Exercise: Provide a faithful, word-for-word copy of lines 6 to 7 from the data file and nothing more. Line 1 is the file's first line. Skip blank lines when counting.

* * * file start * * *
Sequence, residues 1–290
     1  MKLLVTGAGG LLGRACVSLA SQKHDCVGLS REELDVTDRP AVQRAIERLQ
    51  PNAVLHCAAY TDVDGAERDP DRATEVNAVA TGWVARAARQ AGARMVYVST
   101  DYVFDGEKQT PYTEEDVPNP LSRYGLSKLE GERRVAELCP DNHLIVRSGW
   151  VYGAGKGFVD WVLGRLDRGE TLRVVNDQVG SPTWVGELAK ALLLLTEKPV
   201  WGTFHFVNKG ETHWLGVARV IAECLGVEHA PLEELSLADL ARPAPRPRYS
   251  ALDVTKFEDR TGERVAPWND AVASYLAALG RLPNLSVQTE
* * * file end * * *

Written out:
   201  WGTFHFVNKG ETHWLGVARV IAECLGVEHA PLEELSLADL ARPAPRPRYS
   251  ALDVTKFEDR TGERVAPWND AVASYLAALG RLPNLSVQTE